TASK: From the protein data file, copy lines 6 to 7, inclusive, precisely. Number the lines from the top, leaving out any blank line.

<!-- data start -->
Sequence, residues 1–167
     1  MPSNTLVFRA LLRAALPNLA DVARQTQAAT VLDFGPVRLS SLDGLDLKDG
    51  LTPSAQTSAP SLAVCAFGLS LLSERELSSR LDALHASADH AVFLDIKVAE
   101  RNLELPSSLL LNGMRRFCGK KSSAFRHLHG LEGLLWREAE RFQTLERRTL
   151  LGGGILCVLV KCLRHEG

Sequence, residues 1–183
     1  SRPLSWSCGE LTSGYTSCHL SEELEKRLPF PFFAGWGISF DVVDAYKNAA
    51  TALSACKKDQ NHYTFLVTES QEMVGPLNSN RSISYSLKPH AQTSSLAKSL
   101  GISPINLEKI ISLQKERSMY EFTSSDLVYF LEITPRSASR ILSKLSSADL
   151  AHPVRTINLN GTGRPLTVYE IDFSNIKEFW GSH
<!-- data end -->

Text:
Sequence, residues 1–183
     1  SRPLSWSCGE LTSGYTSCHL SEELEKRLPF PFFAGWGISF DVVDAYKNAA